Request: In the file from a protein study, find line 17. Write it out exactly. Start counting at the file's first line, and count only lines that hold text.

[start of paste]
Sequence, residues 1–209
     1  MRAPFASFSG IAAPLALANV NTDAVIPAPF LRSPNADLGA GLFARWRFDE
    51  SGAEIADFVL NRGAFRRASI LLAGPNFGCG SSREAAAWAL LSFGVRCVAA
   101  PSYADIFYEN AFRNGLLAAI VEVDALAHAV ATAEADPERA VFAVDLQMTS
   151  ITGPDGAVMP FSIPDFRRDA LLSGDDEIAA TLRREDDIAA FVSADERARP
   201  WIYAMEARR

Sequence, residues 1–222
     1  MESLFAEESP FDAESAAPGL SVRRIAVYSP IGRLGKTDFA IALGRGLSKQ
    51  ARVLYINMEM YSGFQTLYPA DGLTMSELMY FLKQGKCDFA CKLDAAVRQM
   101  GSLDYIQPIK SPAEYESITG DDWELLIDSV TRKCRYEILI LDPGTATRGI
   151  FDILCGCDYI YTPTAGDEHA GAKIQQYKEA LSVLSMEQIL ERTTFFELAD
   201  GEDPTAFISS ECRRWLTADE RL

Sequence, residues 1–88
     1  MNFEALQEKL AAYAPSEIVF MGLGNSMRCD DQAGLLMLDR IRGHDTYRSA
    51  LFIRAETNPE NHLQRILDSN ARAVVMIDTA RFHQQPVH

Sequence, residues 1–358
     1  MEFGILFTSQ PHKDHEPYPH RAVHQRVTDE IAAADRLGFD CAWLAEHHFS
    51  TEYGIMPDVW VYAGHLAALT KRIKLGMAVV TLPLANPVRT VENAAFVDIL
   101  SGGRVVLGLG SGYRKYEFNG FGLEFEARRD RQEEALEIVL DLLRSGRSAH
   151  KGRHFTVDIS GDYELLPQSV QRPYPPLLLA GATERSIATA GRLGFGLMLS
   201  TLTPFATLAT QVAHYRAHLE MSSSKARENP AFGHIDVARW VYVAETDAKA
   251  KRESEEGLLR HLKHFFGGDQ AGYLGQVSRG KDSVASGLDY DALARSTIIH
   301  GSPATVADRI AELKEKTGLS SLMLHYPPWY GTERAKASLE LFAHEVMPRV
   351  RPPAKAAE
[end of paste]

     1  MEFGILFTSQ PHKDHEPYPH RAVHQRVTDE IAAADRLGFD CAWLAEHHFS